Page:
Obama's Gun Plan Could Impact Weapons Trafficking

Jan 17, 2013

President Barack Obama called for a series of laws and restrictions that would overhaul the nation’s gun laws on Wednesday. Some of those steps could have an impact on weapons trafficking across the border into Mexico.

U.S. President Barack Obama signs a series of executive orders about the administration's new gun law proposals as children who wrote letters to the White House about gun violence, (L-R) Hinna Zeejah, Taejah Goode, Julia Stokes and Grant Fritz, look on in the Eisenhower Executive Office building, on January 16, 2012 in Washington, DC.

Among the recommendations, the president said he will ask Congress to create a federal firearms trafficking law. Right now, one of the closest regulations to that is a straw-purchasing law whose sentencing guidelines, law enforcement believe do not match the crime.

What do gun laws look like in Mexico?

Eric Olson is with the Woodrow Wilson Center, a think-tank that has studied cross-border weapons trafficking. He says the president was vague, but Olson said federal prosecutors need a trafficking law.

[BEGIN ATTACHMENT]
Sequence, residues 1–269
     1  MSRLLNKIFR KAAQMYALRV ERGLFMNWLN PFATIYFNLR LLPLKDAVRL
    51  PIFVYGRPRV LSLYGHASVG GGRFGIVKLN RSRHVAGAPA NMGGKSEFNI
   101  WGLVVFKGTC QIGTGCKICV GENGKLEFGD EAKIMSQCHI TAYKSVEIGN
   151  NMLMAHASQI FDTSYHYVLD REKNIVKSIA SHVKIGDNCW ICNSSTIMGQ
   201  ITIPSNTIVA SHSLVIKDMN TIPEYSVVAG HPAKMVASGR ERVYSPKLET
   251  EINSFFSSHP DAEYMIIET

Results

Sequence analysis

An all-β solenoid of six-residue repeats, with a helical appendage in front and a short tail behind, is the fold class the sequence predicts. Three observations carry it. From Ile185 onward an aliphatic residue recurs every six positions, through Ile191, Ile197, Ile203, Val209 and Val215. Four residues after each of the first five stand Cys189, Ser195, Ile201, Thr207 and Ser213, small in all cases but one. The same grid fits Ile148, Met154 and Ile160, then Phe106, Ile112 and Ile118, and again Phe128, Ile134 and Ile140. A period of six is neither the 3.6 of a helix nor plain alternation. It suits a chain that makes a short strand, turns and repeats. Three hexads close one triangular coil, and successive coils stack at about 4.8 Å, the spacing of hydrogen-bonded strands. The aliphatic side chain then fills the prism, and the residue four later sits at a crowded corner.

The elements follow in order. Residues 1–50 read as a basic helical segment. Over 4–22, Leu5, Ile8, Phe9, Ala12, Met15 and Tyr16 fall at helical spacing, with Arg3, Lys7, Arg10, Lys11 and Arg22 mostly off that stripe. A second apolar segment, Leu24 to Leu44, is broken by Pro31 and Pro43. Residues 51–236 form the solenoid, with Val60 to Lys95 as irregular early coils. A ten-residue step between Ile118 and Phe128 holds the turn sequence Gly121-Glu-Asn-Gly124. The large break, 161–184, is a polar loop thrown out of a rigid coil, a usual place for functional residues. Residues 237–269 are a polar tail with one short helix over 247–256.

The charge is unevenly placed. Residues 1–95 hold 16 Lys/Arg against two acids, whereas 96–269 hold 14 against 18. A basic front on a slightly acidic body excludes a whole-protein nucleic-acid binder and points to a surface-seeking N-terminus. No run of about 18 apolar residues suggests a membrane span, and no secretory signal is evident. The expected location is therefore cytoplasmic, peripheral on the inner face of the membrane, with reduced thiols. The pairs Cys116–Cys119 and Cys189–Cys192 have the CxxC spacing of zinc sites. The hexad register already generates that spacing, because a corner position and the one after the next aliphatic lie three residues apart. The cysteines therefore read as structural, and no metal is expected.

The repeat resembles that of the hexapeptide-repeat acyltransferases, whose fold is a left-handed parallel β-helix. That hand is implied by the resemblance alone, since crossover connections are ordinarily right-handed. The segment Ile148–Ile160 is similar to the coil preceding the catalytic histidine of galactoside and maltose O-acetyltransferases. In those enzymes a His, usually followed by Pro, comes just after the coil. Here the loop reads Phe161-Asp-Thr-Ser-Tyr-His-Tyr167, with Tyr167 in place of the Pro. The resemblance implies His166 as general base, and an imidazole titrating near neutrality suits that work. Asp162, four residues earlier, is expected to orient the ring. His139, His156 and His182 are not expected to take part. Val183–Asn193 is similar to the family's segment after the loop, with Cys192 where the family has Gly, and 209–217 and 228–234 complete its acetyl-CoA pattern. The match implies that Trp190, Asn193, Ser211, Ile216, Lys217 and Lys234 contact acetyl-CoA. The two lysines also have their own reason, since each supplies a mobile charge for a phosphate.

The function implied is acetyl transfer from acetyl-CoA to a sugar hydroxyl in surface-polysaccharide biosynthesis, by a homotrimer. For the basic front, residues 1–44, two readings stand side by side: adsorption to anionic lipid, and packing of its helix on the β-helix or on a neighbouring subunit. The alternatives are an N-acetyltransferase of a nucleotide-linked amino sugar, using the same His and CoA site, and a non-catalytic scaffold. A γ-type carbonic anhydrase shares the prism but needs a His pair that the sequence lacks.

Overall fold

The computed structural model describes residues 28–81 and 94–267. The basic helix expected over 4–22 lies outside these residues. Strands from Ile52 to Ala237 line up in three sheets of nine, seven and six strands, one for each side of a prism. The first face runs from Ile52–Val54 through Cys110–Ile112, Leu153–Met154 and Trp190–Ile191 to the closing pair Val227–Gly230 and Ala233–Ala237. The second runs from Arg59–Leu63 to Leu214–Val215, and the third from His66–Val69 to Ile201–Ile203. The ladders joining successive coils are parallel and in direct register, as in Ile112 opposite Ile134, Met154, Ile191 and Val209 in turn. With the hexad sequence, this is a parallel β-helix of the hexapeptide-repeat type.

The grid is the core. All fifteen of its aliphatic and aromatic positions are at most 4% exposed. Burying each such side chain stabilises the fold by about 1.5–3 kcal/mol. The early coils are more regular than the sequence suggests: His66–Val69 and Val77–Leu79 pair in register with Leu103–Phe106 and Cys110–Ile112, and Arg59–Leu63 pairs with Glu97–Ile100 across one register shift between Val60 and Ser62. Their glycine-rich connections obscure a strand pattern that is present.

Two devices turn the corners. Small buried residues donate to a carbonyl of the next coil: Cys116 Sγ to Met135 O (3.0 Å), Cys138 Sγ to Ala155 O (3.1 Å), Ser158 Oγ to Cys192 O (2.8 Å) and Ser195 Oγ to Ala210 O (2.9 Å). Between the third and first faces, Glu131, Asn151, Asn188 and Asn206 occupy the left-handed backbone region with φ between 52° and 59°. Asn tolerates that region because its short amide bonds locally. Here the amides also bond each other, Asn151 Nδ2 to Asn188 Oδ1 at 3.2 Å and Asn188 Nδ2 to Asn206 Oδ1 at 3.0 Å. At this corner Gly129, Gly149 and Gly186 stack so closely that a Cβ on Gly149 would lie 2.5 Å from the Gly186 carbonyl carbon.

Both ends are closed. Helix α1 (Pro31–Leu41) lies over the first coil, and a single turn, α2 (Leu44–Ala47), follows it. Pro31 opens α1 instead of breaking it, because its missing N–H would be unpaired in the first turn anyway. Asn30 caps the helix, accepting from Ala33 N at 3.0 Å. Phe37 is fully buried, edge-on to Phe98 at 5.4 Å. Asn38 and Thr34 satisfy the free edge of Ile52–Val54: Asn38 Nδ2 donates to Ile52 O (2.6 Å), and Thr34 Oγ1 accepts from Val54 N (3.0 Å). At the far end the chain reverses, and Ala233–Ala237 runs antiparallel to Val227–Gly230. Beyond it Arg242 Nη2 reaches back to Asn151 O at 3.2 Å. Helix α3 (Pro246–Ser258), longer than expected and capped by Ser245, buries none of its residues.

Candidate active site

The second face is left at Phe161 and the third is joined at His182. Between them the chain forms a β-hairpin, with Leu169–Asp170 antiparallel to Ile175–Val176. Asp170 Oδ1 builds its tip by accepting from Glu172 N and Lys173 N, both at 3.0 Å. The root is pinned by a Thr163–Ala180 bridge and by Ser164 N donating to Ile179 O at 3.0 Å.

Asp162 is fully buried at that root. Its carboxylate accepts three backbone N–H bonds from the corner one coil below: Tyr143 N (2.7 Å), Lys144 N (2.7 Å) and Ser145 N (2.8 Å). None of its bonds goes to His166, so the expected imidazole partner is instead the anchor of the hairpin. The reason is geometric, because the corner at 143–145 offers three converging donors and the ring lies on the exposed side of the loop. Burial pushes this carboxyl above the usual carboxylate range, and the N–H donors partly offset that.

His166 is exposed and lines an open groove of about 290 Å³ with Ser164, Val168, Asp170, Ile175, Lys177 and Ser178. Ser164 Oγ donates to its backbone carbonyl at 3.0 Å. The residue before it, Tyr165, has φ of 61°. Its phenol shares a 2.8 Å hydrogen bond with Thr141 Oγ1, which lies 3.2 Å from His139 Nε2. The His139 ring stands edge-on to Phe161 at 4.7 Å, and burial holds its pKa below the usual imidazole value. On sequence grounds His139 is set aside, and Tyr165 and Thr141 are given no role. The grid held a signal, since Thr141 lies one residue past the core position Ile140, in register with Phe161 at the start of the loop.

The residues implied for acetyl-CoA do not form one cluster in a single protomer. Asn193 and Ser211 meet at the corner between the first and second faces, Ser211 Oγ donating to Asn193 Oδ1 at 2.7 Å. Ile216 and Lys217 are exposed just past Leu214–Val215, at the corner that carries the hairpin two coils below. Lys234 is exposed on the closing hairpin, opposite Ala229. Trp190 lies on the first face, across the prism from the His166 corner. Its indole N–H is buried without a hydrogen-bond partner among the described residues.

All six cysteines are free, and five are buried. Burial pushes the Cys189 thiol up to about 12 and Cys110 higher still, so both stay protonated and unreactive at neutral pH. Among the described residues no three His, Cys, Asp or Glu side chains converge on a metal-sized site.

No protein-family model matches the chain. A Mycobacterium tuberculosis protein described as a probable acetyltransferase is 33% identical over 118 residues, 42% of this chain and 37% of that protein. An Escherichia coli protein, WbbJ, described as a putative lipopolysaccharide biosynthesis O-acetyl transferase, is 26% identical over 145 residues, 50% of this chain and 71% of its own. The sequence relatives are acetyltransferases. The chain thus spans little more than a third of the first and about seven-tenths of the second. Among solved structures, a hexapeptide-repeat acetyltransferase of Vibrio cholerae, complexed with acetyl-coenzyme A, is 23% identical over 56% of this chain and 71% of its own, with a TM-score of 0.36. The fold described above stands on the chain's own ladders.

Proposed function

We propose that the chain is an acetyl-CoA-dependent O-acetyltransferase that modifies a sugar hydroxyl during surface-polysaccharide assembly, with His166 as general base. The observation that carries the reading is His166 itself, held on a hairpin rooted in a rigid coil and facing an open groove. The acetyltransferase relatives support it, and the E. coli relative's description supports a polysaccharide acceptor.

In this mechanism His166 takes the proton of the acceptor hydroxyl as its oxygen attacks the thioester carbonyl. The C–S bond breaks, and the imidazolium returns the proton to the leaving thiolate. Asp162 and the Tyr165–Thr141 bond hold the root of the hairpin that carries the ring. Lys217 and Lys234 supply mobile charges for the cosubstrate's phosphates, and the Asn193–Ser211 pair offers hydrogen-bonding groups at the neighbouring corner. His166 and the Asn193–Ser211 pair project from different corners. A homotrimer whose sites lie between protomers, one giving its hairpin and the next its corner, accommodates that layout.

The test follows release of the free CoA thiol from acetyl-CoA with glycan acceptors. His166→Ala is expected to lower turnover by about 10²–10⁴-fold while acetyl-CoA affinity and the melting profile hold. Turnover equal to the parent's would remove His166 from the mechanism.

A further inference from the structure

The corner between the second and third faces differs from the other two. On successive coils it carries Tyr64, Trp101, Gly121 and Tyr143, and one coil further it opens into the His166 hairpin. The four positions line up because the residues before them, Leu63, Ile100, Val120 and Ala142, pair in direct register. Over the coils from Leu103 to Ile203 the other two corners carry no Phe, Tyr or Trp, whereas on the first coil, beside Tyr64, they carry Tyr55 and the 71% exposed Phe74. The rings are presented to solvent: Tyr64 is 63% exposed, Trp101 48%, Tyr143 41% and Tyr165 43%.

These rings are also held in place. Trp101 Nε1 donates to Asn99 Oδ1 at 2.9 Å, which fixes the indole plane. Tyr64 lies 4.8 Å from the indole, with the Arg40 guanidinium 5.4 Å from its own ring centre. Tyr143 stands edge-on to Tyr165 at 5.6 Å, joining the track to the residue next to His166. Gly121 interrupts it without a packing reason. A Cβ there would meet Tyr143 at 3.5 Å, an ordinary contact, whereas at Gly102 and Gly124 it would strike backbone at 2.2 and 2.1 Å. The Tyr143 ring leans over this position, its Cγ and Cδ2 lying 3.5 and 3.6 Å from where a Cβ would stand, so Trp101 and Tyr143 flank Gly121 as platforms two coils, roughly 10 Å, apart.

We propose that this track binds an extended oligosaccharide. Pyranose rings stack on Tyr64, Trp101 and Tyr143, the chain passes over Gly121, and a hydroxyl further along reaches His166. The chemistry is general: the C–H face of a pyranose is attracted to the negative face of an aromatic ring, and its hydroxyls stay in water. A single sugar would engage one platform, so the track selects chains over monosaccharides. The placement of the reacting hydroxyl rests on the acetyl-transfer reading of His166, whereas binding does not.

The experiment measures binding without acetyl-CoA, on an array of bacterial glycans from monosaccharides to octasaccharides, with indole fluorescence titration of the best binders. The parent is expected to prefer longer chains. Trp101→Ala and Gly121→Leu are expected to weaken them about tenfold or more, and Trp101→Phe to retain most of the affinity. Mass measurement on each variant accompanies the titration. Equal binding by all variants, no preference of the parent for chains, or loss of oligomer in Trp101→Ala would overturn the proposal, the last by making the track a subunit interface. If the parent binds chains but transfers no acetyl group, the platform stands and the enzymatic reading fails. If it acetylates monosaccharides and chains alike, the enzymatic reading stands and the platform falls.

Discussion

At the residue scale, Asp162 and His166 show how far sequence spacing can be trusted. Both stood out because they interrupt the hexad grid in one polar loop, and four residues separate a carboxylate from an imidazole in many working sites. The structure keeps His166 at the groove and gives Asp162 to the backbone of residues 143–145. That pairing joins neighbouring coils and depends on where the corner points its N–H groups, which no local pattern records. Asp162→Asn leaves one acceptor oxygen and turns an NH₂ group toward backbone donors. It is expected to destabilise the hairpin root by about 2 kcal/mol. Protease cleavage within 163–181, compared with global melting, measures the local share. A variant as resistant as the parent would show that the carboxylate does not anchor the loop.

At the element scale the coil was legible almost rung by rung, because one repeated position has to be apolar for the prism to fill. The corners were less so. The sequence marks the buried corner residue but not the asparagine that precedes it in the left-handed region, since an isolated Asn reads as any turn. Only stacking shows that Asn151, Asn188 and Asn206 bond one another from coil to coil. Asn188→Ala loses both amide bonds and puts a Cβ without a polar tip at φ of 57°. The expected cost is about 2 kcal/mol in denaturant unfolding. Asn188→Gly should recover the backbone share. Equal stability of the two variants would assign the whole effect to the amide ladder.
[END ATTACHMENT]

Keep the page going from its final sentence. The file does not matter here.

"It gives them a more direct tool for attacking the problem of trafficking," Olson said.

Obama also called for the reinstatement of the assault weapons ban, universal background checks and limiting gun magazines to 10 rounds. Those would also have an impact on cross-border trafficking.

The Bureau of Alcohol Tobacco and Firearms has said Mexico recovered 68,000 guns that came from the U.S. between 2007 and 2011. The seized guns showed a preference for rifles like variants of the AR-15 and AK-47.

"I also believe that most gun owners agree that we can respect the Second Amendment while keeping an irresponsible law-breaking few from inflicting harm on a massive scale," Obama said.

One last restriction Obama asked for: outlawing possession of armor-piercing rounds. In some states, their import and manufacturing are the only illegal elements of the ammunition.